The Australian beef cattle industry will be greatly affected by a live export ban. Photo: File
The Australian beef cattle industry will be greatly affected by a live export ban. Photo: File

Live export ban deals big blow

A TEMPORARY ban on live exports to Indonesia will cripple graziers in the Ipswich region and fail to prevent animal cruelty abroad – industry experts said yesterday.

Harrisville cattle farmer and livestock auctioneer Peter Hayes said yesterday’s decision by the federal government to stop all cattle exports to Indonesia until it was satisfied appropriate animal welfare safeguards were in place would “severely impact” graziers.

“All the cattle in the Northern Territory and northern Queensland that were sent abroad will have to come back and be sold here so that will affect us locally,” Mr Hayes said.

“It’s not a good thing for local graziers because it will put pressure on the markets and cause prices to drop.

“It’s going to cost the Australian economy a lot of money. For our own economy we need to have this fixed as soon as possible but we can not go on with those inhumane practices.”

The live export industry pumps about $1 billion into the national economy each year.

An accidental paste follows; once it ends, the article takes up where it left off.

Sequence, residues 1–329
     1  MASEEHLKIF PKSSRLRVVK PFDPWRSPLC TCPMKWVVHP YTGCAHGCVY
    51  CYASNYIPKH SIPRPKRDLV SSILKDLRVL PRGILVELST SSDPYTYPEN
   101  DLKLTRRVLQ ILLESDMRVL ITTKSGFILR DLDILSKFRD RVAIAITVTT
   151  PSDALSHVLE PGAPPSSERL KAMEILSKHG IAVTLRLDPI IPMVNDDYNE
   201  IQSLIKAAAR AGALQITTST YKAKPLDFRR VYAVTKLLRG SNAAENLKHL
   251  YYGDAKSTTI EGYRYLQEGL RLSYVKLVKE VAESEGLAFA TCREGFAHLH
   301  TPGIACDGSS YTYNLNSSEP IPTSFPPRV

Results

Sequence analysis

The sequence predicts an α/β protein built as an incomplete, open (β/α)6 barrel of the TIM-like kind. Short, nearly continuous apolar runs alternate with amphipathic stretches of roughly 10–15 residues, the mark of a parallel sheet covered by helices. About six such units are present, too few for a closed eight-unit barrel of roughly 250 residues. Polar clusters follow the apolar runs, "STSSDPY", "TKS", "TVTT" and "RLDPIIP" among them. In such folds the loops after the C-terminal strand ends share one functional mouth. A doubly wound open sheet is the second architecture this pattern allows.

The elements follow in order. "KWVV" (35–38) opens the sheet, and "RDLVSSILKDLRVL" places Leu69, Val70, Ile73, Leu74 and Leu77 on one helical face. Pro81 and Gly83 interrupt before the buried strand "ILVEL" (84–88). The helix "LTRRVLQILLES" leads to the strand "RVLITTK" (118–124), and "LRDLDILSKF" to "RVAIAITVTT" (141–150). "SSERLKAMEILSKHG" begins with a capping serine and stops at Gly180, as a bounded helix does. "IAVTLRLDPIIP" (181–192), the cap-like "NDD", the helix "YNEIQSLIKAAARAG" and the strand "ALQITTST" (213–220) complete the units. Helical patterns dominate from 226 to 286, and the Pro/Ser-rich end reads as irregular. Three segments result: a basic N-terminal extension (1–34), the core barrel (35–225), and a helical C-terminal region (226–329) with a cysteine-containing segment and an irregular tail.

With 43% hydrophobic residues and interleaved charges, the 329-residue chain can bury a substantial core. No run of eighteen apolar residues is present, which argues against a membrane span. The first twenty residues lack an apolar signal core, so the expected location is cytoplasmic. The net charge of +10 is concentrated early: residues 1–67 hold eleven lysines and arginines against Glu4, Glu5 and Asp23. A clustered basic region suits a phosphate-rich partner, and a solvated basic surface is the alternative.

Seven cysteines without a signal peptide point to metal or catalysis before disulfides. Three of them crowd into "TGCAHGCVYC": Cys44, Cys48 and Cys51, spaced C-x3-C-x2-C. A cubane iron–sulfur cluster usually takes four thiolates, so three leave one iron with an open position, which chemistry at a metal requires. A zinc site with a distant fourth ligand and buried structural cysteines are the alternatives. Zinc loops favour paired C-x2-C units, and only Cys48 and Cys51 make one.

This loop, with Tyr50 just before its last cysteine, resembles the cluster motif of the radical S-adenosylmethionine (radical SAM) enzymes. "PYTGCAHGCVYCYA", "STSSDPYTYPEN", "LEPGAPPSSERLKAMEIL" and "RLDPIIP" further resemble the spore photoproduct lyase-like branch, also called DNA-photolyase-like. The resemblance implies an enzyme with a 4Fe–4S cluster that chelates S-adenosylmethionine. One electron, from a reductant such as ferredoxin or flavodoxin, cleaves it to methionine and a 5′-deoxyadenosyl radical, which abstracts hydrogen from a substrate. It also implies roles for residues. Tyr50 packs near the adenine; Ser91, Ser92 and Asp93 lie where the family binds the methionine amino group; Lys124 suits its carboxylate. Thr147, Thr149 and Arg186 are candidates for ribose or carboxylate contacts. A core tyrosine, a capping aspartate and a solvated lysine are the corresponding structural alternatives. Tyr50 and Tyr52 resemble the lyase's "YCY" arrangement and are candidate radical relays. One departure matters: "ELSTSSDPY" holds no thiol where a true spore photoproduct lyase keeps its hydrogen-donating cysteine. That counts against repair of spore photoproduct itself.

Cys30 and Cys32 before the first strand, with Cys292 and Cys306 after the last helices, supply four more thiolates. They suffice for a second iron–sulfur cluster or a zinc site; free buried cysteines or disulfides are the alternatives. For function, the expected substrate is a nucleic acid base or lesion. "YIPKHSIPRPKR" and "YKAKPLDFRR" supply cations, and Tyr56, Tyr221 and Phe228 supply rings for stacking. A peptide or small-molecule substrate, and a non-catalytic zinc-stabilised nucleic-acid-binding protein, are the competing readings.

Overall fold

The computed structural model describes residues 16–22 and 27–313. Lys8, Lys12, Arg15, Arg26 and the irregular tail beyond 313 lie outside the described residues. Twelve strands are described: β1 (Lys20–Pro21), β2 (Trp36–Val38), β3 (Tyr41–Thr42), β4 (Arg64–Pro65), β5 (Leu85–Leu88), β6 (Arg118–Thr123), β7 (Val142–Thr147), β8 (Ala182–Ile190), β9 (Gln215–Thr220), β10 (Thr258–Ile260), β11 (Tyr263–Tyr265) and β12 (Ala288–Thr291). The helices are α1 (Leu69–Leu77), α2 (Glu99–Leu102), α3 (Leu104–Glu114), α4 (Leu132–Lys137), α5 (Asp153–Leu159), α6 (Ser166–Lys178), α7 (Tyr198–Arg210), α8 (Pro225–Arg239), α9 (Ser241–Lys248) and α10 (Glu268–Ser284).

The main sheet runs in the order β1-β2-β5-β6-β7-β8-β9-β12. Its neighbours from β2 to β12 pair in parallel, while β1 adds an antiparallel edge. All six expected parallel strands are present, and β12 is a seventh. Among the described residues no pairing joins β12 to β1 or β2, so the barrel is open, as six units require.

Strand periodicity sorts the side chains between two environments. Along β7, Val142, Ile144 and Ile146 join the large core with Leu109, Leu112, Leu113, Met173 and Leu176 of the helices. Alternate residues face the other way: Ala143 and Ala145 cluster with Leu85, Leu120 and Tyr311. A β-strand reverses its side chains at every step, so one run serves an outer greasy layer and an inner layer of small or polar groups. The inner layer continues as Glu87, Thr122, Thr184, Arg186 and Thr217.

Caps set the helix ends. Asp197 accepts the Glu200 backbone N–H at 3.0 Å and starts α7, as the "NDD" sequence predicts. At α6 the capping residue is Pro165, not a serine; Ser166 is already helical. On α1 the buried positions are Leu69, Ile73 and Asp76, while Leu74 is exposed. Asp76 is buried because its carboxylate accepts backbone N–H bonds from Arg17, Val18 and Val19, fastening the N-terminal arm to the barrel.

The issue of live exports hit the headlines after an episode of ABC’s Four Corners program showed footage of barbaric treatment of cows exported to Indonesia.

“I’m a grazier and an auctioneer and I was very taken aback by what I saw,” Mr Hayes said.

“We definitely don’t agree with how they are treated.”

Federal Member for Blair Shayne Neumann said he supported the decision to stop exporting live beef.

“I think the government has done the right thing,” Mr Neumann said.

“Live cattle is an important industry in Australia but we need to make sure that animals are treated humanely.”

Dr Patricia Peterson, who will run as an independent in the seat of Ipswich at the next state election and who organised a live export rally in Ipswich last weekend, said the temporary ban was a stunt.

“The government isn’t listening to the arguments put forward by opponents of the live export trade; it is merely attempting to dodge a lethal political bullet,” Dr Peterson said.

“The government has known for decades that our livestock are being tortured to death when they arrive at their overseas destinations and have turned a blind eye to it.”



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